THE FRONT DOOR has been locked and the lights have been out for the last few weeks, but the Recovery Room is not closed.
Just a temporary shutdown for inventory, according to co-owner Linda Lassing.
She says it’ll reopen in early February, from 5 pm until closing, Wednesday through Sunday. Bar only, no more restaurant.
If you’re shutting down temporarily, mid-winter is probably the best time to do it. Business is slow, even downtown.
Meantime, the Recovery Room remains up for sale. Latest word is, there’s a potential interested buyer. Of course, we’ve heard that before, only to see the deals fall through.
A YEAR AGO, it sounded like a wish, a hope, a pipe dream.
A group of local beer-lovers said they were forming the Marquette Brewing Cooperative. A bar in south Marquette where they’d brew their own beer and offer lifetime memberships to anyone who wanted to come up with $99.
Now, a year later, it seems less like a pipe dream and more like a reality.
One-hundred-fifty-seven members have forked out the cash, and interior demolition of the tap room has begun. The walls, the ceiling, the floor. The building itself is owned by one of the members.
The next step for the cooperative is to offer “preferred memberships” which will give returns on investments. David Gill, the president of the cooperative, says there’s serious interest in the preferred memberships, and the cash raised will be sufficient to open up the cooperative by late this year or, at latest, the summer of 2019.
EXPECT TO SEE a major change along Lakeshore Boulevard near the Hampton Inn over the next few months.
The new apartment complex, One Marquette Place, will be rising to a full five stories above the ground. The two level underground garage is already in place. You can already see the first floor taking shape–that’s where a cafe and office suite will be located.
Operation of the cafe is being seriously considered by an “experienced local restaurateur,” we’re told,
All told, One Marquette Place will offer 64 apartments. High end. Beautiful views. Critics may object to the shoreline development, but keep in mind the property previously had been a wasteland–occupied by a coal pile, lumber mill, and tank farm at different times in its history.
Is there a market for pricey apartments here?
“We’ve already got 30 interested people on the waiting list,” says architect and partner Barry Polzin.
He expects the first of the apartments to be open for occupancy in September. Seems optimistic. We’ll see.
BY THE WAY, that large, vacant property south of the Founders Landing condos has been drawing some interest lately.
Outside investors, apparently. They’ve been talking to Polzin.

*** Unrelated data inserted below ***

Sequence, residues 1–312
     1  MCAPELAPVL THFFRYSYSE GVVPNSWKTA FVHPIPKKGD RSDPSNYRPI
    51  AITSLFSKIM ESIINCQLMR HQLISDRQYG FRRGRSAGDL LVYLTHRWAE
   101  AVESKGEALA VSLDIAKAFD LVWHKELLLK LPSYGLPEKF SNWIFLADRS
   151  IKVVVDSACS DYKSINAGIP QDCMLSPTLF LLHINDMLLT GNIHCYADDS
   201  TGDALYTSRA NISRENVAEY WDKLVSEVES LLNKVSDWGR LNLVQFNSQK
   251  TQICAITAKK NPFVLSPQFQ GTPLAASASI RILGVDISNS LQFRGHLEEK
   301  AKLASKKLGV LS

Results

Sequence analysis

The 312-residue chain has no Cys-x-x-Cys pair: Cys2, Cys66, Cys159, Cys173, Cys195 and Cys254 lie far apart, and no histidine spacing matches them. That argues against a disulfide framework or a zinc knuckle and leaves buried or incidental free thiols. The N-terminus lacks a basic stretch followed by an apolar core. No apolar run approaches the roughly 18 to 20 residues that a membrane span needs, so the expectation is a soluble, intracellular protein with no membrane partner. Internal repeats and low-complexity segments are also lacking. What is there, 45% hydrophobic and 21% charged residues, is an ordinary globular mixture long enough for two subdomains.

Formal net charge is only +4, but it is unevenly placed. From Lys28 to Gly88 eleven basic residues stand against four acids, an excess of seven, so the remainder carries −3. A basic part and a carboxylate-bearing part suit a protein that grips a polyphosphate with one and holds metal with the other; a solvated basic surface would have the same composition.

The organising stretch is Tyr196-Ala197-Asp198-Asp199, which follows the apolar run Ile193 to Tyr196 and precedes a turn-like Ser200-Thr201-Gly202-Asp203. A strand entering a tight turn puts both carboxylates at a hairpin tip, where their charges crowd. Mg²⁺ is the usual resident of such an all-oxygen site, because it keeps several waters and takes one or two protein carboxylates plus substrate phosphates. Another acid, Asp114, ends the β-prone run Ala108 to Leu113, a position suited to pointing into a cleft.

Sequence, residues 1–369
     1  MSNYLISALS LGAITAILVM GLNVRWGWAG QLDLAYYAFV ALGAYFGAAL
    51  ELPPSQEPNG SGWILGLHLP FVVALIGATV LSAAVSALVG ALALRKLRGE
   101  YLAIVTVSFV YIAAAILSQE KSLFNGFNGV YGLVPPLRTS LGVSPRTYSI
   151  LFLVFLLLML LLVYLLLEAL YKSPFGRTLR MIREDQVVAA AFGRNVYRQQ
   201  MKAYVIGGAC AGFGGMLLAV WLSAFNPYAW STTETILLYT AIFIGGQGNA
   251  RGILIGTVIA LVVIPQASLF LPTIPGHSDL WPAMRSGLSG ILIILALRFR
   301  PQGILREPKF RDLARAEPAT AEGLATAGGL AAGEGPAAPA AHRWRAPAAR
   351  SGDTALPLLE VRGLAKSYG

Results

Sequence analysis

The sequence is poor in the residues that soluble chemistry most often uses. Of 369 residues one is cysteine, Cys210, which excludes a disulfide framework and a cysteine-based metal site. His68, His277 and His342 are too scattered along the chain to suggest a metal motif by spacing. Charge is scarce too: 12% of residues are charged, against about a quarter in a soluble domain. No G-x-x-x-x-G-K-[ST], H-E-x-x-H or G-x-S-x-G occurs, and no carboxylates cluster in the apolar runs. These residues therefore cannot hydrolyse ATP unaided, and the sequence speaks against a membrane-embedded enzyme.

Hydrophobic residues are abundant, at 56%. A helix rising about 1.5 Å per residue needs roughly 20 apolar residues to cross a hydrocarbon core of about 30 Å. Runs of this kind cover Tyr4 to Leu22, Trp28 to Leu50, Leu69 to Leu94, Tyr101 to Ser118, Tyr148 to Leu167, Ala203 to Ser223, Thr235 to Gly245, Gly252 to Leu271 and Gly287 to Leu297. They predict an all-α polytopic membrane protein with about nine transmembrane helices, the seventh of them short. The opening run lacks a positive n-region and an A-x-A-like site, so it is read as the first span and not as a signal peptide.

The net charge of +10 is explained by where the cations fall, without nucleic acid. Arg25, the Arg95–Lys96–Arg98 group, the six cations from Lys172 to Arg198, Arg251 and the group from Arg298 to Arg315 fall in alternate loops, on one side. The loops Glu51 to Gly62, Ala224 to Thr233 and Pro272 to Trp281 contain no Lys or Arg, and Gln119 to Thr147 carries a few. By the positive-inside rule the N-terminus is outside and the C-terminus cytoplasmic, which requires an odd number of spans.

The property, of course, is still owned by the city, and the thought, several years back, was that the property would probably be appropriate for offices.
What the potential investors have in mind for it, we don’t know.
Regardless, Lakeshore Boulevard in south Marquette has changed radically in the last several years. Its still changing. Big money for big buildings has poured in; not everybody’s happy about it.
NO CELEBRITY GOLF tournament this year.
It’s been a huge success over the past several years as a fundraiser for the Beacon House, but CEO Mary Tavernini says all of her and the board’s efforts this year have to be devoted to the capital campaign.
Namely, raising money to build a new Beacon House on the campus of the new hospital. She figures it’ll cost about $3 million to build the first phase of the new Beacon House which would provide 20 beds for outpatients and families who need to stay close to the hospital.
Two subsequent phases would provide an additional 40 beds and cost another $3 million.
So far, Tavernini says they’ve raised a half million dollars but they just swung into high gear on January 1st. A high-rollers “pledge party” at the Grand Hotel in Mackinac Island is scheduled for June–Steve Mariucci, who’s got serious connections, is helping with that.
The current Beacon House, which is still providing rooms for those in need, remains up for sale. The asking price is $1.5 million. The Beacon House owes $900,000 on it, according to Tavernini.
THAT NEW HONDA commercial shot in Marquette is out.
And if you watch carefully, you’ll recognize a few specific locations.
Most notably, Contrast Coffee–a woman entering the coffee shop and enjoying a hot cup of java while checking her computer. Yeah, that pretty well summarizes the scene at Contrast.
The ad agency wanted snow because the commercial was all about winter driving. They found it that day in Marquette.
NICOLE YOUNG, THE former director of Travel Marquette, has a new job.
She’ll be providing consulting and training to help entrepreneurs in the U.P. as part of “Step UP Your Business,” a program just launched by Michigan Small Business Development Center. They’ll be focusing on businesses affected by the closure of the Empire Mine.
Until a few months ago, Young headed up Travel Marquette but suddenly left the job and town without public notice. Neither the Convention and Visitors Board which runs Travel Marquette nor Young, herself, has said much about her departure. Likely, she had some difficulty getting along with the Board.
A new executive director for the agency is expected to be hired in February.
THE LEGEND GROWS.
“Surfer Dan’s” frosty beard adorns another feature news story, this one from Mlive last month.
Everybody loves the story. Hardy 39 year-old Marquette man takes his surfboard into 36 degree water, surfs the relatively modest waves on Lake Superior, and emerges with a smile and a beard cloaked with ice.
What’s not to love?
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